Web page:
The Tourism Decree-Law (1): the tourist moratorium

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Last February’s Decree-Law on urgent measures for sustainability and circular tourism in the Balearic Islands has incorporated new regulations that deserve analysis.

It needs to be borne in mind that the formula now used in Decree-Law serves so that the Government can apply some provisions immediately, but which can then be processed as Law in the Balearic Parliament; meanwhile it opens up possibilities for improvement.

GOB provides two assessments. The first, that is in this note published today, is dedicated to analysing the opportunity of a tourist moratorium, and the second assessment to follow in a few days, will look at the shortcomings or loss of opportunities in environmental terms that will have to be corrected.

The suspension of new tourist places is not uniform in all the islands. With reference to Menorca, the start of developing new tourist activities has been suspended a has increasing the number of places in establishments that are already functioning. This stoppage does not affect establishments whose processing is advanced and, more important, does not affect tourist activities that are being developed in areas of land restructuring in tourist areas where the boundaries have been limited by the Island Land Planning (PTI).

In practice, it means that there is no stoppage to activities on numerous plots of land left without being built on in existing urbanizations. They add up to about 11,000 places implying urban growth, forecast since 2003, yet are unknown to many people who think the urbanizations are completed.

However, the moratorium is especially welcome to put a brake on the huge increase in tourism experienced on the Island based on tourist rentals, that is, of already constructed residential houses that become tourist accommodation.

Menorca currently has about 81,000 declared tourist places, of which 28,000 (more than one third) correspond to the model of renting out houses to tourists, a formula which has grown especially in the last few years.

To these figures must be added another important number of people who do not know where to stay at the end of the season. Let us remember that there are about 80,000 people in the winter of the 93,400 registered people. Counting that all those registered have a house, and adding 81,000 declared tourist places, there are still some 30,000 undeclared at the end of August.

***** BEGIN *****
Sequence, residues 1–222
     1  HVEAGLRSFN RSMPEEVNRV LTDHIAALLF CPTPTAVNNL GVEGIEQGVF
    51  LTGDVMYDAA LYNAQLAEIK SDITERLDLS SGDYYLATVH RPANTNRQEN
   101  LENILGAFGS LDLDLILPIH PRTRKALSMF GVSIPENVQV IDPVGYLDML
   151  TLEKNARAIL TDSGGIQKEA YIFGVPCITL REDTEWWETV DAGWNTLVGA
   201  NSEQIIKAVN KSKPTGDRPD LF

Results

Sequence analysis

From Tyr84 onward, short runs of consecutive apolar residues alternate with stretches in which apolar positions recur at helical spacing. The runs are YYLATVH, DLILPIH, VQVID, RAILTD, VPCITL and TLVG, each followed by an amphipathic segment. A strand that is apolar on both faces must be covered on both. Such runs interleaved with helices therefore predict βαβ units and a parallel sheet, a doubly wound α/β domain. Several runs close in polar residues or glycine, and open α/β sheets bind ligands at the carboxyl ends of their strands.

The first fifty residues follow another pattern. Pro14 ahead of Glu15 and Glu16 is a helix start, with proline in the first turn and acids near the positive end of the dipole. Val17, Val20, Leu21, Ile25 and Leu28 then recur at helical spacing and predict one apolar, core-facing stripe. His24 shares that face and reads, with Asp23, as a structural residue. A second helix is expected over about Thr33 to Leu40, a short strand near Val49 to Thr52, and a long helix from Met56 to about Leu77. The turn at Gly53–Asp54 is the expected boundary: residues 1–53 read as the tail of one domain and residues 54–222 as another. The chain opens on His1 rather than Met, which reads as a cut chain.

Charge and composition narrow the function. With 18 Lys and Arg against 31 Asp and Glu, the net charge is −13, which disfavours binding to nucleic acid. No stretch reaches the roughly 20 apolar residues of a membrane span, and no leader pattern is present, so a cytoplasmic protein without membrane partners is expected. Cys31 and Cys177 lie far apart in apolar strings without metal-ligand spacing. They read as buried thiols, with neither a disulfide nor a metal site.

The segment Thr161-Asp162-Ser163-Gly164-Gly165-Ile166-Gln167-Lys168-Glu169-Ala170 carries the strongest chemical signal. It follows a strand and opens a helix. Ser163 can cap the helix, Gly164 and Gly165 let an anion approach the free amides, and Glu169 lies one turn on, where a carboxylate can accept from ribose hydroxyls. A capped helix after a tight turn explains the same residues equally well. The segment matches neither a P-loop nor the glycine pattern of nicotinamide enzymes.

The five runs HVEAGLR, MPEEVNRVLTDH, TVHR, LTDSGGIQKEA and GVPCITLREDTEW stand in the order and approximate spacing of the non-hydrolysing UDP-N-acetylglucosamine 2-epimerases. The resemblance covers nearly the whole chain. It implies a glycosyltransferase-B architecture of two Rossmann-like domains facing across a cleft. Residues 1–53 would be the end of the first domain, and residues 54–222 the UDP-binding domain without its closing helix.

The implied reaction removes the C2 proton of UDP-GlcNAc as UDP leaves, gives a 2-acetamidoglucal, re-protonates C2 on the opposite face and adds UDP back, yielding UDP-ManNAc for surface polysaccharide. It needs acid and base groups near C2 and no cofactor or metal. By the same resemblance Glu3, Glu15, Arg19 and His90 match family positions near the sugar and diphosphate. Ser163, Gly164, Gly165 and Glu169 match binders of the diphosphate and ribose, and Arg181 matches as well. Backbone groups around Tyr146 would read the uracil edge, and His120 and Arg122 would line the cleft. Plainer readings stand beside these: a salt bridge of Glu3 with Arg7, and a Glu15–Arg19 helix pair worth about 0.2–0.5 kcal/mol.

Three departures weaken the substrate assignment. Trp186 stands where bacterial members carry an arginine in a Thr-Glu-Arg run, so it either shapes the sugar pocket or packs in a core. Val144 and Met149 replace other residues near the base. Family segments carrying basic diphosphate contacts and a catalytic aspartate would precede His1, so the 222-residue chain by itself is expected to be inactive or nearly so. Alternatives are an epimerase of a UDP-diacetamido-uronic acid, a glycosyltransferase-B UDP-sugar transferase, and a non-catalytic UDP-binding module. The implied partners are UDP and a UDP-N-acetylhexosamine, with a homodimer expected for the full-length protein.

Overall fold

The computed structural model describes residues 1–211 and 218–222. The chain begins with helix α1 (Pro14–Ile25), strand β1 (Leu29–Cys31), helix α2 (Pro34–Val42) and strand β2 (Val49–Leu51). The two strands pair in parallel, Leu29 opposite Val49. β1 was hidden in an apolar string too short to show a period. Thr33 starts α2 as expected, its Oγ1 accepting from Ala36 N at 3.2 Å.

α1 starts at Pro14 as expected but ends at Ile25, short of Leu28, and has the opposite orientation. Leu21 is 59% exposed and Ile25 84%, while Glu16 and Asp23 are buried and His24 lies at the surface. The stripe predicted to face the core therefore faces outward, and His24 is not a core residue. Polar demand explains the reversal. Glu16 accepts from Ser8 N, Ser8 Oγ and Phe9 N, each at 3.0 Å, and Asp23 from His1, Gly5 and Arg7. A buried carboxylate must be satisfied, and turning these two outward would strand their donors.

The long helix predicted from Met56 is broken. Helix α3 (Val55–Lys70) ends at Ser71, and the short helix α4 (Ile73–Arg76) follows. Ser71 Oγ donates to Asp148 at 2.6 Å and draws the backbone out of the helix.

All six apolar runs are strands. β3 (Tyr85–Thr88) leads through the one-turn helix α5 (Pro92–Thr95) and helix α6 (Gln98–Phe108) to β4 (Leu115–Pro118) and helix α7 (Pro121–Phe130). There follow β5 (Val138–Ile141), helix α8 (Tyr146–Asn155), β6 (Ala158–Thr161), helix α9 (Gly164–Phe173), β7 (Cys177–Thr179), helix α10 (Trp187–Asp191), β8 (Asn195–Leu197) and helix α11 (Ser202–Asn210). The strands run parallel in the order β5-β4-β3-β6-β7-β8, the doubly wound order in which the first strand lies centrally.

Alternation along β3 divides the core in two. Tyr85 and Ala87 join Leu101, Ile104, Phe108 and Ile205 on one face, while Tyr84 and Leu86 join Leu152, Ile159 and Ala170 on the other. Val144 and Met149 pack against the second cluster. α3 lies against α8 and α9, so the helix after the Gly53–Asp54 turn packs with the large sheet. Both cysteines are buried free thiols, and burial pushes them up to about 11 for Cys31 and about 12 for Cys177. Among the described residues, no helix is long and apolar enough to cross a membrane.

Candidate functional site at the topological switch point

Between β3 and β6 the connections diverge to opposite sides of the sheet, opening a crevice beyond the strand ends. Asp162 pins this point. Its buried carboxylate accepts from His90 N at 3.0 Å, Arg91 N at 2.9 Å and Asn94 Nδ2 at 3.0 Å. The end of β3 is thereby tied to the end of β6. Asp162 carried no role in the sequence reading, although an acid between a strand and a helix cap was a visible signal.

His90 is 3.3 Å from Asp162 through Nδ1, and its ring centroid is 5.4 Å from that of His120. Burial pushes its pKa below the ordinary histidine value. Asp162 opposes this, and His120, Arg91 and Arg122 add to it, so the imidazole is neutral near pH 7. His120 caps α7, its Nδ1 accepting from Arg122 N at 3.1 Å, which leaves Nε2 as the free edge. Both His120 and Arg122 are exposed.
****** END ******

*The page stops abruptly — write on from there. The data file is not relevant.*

Therefore, even though some of that 30,000 may be people not registered but with residency, it is clear that there are many thousands who sleep in undeclared tourist beds.

This huge increase in tourism, which in many cases has not been accompanied by urban growth, is the basis to the overcrowding that has occurred in the last few years. There is no interest in maintaining this dynamic out of consideration for the quality of life of the residents, the conservation of the island, nor for tourism itself.

Because of this, news of reinforcing inspection to control illegal activities is welcome, since there may also be a significant part of the current hectic investment in residential property that in reality could be for a tourist market of undeclared rentals.

The moratorium, which has now been applied, will be in force until the Consell Insular, through the Intervention Plan in the area of tourism or the Island Land Planning (PTI), evaluates the carrying capacity of the island from which can be determined the total number of marketable tourist places.

However, the decree presents some important shortcomings in restructuring the old offer of sun and beaches as well as giving a realistic commitment to reduce the carbon footprint of tourist activities.